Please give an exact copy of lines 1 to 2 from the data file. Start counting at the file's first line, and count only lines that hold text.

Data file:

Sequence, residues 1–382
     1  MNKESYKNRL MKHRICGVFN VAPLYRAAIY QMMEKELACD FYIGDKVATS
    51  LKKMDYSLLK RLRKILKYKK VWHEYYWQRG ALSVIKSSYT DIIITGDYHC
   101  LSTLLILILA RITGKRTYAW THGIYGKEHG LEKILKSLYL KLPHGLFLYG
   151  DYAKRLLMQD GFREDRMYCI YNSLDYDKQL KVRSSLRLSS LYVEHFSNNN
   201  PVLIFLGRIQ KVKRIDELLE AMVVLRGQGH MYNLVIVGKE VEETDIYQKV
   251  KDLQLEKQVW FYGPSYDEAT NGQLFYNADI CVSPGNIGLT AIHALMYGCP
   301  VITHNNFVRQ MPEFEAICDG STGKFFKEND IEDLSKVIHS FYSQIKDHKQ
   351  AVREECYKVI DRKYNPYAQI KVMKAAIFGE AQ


Sequence, residues 1–382
     1  MNKESYKNRL MKHRICGVFN VAPLYRAAIY QMMEKELACD FYIGDKVATS